Published on Wednesday, 30 November -0001 00:00
A National Institutes of Health Web site states that a traumatic brain injury (TBI) occurs "when a sudden trauma causes damage to the brain." People involved in automobile, bicycle, motorcycle and pedestrian accidents comprise about half of all cases. The severity can range from mild to severe.
In his lifetime, 36-year-old Patrick Jones of Green Mountain Falls, Colorado, has had eight concussions. "And each of the concussions was different," he said in a telephone interview. "A couple of them were bicycle-related. One happened when I was going fast on a bike, and a car turned left and cut me off."
The first came at age 12. While swinging at a playground, he severely injured his head after the rope snapped at the highest point of the swing.
Even with the concussions, Jones, a University of Denver graduate, was still physically able to work as a personal financial adviser. Then in 2002, while running over a landscaping berm, he accidentally knocked his head on a low-hung tree branch at full force. It was the straw that broke the camel's back, he said. Since then, he has been unemployed.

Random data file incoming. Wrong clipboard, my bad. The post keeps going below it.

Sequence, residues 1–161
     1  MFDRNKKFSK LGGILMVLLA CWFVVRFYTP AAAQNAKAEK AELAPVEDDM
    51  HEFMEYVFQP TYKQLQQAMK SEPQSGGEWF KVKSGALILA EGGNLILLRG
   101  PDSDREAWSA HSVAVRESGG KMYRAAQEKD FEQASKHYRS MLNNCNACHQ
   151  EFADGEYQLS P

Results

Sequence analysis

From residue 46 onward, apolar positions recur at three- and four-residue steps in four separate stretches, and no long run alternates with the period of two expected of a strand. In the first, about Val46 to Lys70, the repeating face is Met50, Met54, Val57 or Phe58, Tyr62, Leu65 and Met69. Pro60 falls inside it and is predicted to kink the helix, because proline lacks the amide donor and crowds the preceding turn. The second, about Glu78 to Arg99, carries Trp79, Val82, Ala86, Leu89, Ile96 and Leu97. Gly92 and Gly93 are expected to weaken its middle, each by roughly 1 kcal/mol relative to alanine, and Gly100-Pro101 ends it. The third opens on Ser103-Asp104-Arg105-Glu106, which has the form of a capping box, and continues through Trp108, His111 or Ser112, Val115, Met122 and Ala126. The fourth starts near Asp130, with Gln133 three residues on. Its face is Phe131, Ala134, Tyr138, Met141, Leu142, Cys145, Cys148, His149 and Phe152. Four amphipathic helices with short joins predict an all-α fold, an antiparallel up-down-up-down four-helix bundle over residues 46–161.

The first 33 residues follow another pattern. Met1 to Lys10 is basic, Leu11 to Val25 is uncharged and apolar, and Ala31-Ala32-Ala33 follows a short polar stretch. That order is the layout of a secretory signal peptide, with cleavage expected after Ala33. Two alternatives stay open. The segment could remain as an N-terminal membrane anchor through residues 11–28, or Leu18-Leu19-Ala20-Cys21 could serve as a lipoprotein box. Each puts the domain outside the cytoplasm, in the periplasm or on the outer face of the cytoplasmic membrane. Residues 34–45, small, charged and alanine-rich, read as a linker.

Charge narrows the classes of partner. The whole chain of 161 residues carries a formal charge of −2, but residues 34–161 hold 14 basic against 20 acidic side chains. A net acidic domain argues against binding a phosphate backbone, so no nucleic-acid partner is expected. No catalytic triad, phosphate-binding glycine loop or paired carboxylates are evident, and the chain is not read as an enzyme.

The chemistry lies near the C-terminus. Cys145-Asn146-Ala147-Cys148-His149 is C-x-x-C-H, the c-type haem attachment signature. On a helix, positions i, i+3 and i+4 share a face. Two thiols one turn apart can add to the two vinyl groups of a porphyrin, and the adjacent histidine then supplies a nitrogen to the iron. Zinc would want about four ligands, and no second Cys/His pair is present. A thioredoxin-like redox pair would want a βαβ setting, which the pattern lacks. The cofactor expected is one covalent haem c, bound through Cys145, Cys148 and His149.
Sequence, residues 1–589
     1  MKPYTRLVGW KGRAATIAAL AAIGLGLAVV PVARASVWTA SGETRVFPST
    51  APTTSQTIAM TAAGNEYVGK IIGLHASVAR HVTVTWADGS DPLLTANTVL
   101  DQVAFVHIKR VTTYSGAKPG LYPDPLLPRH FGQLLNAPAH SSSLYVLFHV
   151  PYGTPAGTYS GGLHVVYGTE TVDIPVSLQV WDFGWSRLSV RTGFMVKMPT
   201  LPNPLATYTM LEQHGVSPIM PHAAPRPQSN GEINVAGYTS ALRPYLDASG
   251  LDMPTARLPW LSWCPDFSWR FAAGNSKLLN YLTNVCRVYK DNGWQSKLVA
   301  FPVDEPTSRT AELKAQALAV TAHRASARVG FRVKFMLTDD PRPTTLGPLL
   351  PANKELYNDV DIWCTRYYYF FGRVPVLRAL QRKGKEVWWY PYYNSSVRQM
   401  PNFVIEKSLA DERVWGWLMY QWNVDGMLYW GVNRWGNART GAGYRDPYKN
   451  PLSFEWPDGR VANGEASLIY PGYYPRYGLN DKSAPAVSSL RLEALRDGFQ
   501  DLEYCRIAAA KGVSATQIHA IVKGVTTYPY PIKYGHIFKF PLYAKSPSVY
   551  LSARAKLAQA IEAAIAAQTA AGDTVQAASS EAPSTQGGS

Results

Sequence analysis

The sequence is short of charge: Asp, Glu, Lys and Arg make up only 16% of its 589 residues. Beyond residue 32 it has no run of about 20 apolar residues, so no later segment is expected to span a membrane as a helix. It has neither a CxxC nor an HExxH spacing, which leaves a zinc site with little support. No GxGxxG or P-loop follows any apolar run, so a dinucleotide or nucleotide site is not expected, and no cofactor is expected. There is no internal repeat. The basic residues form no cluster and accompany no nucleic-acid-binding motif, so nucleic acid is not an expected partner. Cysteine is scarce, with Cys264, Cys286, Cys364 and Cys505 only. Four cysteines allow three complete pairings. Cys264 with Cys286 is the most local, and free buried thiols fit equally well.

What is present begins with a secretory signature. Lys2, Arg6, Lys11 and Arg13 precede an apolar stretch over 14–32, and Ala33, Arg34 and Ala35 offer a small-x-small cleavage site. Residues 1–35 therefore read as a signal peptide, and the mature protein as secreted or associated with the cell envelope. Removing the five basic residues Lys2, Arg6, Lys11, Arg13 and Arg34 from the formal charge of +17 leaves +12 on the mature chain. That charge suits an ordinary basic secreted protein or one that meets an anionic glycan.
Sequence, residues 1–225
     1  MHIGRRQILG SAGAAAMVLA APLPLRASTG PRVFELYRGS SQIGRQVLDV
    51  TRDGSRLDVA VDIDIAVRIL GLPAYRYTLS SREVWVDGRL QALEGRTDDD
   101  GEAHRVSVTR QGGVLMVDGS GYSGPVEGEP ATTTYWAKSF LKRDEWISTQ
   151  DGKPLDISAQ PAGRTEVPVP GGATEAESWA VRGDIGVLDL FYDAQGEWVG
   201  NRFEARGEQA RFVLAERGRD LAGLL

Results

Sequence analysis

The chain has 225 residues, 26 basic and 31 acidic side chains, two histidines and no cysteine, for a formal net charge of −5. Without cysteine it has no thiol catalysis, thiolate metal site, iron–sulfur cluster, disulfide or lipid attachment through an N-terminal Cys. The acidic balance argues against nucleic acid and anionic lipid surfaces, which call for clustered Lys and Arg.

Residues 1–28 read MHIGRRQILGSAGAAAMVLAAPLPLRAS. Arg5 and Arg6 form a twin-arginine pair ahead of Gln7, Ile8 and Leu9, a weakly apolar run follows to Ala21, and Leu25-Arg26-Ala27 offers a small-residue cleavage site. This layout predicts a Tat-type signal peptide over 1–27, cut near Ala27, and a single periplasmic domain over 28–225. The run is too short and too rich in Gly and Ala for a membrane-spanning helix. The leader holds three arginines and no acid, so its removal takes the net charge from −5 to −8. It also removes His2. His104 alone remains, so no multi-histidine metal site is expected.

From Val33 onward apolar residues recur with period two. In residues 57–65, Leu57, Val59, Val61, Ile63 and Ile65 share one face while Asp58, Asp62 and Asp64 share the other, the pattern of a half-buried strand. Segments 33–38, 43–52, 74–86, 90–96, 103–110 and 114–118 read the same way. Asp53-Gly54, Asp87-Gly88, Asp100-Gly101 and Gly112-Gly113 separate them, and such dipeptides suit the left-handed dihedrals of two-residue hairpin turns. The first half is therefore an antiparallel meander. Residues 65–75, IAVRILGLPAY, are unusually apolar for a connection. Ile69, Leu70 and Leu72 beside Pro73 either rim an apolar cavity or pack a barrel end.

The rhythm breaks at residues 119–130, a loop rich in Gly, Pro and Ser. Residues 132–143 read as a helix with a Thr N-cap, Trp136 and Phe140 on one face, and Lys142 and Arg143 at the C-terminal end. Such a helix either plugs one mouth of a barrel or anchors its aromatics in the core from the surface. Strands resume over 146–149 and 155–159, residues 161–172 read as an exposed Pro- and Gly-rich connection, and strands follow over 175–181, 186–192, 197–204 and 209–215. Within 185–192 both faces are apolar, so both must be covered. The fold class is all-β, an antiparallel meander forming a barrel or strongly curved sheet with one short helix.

His current symptoms are constant vertigo, variable fatigue, and short-term memory and cognitive challenges.
As for the vertigo, he said, "On a 'good' day, I'm able to compensate. For walking and hiking, I use two walking sticks. On 'hard' days, I can't compensate, so I just stay in a reclined position, and read, or use the Internet."
With fatigue, he experiences "good days" only about half the time.
As for short-term memory: "My concentration is easily distracted. I can derail my own thoughts and have no idea what I was thinking a second before. The distraction can be either an internal or external stimuli." (Due to short-term memory issues, in order to successfully complete this telephone interview, Jones had to prepare his answers beforehand.)
He said that family and friends sometimes don't understand his disability-related shortcomings because, to them, he looks just fine on the outside. "I have an invisible injury," he said. His condition has challenged his wife, too.
Even with all his injury problems, he still enjoys serving others. In 2007, Jones was ordained as a permanent deacon in the Catholic church. He said, "In terms of ministry, I moderate two support groups for brain-injured people, and have a website, braininjurychaplain.com."
For more information, go to danieljvance.com. (Blue Valley Sod and Palmer Bus Service grants make this column possible.)